Ladies First highlights women and girls who are making the world better for the rest of us.

While the Caribbean is no stranger to hurricanes, this September brought on one of the strongest storms the islands have seen. Hurricane Irma was recorded as a top-end Category 5 hurricane, which recorded winds of 185 mph (298 km/h) at its peak.

One of the hardest hit was the tiny British island of Anguilla, which sits east of Puerto Rico. As torrential rain and destructive sea surges encroached upon the island, Nisha Dupuis, a 19-year-old radio broadcaster for Radio Anguilla, decided to stay on air throughout the entire storm to give live, up-to-the-minute reports on what her fellow islanders could expect. The station was reported to be in the direct path of Hurricane Irma on the morning of Wednesday, September 6. The entire time, Dupuis never left her post.

Throughout the broadcast, Dupuis kept a calm and steady voice while letting her listener know how they could protect themselves from the impending hurricane, and what they could expect in the days to come. As hurricane-force winds rattled throughout the station and interrupted Dupuis during her show, she forged on to continue reporting and keep everyone updated.

On the air, listeners called in by the dozens to ask Dupuis and the Radio Anguilla staff questions about the storm path, as well as to send messages to family and friends to let loved ones know they were safe. As Dupuis explained to CBC As It Happens, “We were trying to protect the equipment (in the studio) and protect the board, while still receiving calls from people who were in distress.”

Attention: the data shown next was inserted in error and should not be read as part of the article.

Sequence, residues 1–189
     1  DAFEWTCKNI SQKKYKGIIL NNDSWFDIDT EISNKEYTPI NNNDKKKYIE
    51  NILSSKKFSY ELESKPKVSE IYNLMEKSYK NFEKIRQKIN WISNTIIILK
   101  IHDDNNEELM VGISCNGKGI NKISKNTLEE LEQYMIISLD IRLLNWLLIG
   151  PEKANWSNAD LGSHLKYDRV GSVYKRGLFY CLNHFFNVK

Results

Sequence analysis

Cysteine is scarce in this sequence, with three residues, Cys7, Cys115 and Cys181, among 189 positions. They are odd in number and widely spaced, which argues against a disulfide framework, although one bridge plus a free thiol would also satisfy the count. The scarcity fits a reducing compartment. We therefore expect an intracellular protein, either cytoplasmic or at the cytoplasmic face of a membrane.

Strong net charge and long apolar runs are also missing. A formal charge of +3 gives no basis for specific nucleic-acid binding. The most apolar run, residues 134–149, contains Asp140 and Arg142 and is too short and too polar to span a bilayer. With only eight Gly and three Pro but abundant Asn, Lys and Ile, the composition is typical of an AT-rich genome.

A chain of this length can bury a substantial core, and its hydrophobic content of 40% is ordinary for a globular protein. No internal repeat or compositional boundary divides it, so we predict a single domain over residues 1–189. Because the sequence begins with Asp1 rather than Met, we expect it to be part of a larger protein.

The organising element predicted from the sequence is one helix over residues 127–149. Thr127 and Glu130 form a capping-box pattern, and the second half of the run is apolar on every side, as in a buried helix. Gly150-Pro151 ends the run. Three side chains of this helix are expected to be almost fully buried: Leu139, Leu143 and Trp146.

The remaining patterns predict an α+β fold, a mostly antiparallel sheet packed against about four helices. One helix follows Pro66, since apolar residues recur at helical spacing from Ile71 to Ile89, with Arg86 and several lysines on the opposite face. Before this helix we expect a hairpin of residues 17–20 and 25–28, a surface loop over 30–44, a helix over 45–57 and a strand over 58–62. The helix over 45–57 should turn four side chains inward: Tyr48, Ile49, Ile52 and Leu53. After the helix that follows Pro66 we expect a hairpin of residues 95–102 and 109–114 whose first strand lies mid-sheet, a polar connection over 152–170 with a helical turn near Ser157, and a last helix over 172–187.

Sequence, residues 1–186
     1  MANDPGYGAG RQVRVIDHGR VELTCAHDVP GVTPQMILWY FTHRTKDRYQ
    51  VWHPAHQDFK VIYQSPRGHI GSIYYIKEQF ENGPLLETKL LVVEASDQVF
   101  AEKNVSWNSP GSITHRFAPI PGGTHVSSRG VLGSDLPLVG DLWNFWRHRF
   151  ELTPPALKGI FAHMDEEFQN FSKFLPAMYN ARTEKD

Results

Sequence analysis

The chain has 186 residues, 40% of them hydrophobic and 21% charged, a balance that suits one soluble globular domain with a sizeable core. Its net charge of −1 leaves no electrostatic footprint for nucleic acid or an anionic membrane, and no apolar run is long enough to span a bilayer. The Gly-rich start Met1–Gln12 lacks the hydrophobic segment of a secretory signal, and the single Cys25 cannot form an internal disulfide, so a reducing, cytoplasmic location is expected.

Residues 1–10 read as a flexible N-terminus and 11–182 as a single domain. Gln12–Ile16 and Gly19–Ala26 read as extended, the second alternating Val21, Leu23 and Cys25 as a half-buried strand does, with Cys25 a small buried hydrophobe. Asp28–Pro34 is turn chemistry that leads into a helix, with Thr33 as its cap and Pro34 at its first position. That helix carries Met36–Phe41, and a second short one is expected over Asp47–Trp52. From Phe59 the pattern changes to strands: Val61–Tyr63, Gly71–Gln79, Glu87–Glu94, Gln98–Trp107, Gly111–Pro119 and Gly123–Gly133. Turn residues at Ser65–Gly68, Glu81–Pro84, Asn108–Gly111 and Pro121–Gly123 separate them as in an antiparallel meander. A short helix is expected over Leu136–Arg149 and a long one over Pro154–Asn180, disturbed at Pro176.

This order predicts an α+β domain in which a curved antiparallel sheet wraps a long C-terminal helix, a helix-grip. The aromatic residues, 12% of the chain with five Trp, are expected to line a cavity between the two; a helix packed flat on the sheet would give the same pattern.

In an interview with Here and Now, Dupuis explained that she and the rest of the team from Radio Anguilla were committed to keeping their listeners safe and would continue to operate on a generator for as long as possible so they could keep people informed of what was happening.

“I was terrified, to be honest,” she recalled. “When it really sank in for me was the 911 calls. We were relaying information to the Department of Disaster Management and there were people calling. This one man, I will never forget what it sounded like speaking to him, he had a baby in the room and his shutters were being blown out and was like ‘What do we do next?'” Dupuis’ mother, a hospital worker, worked through the storm as well.

The hazards were very real. The New York Times reports that the hurricane badly damaged an estimated 90 percent of the island’s government buildings, electricity infrastructure, and the country’s main water supply.

While so many journalists enter potentially dangerous situations while reporting on natural disasters, we must tip our hat to Nisha for staying committed to keeping her fellow islanders safe.

Join us in recognizing Nisha’s bravery on Twitter, @BritandCo.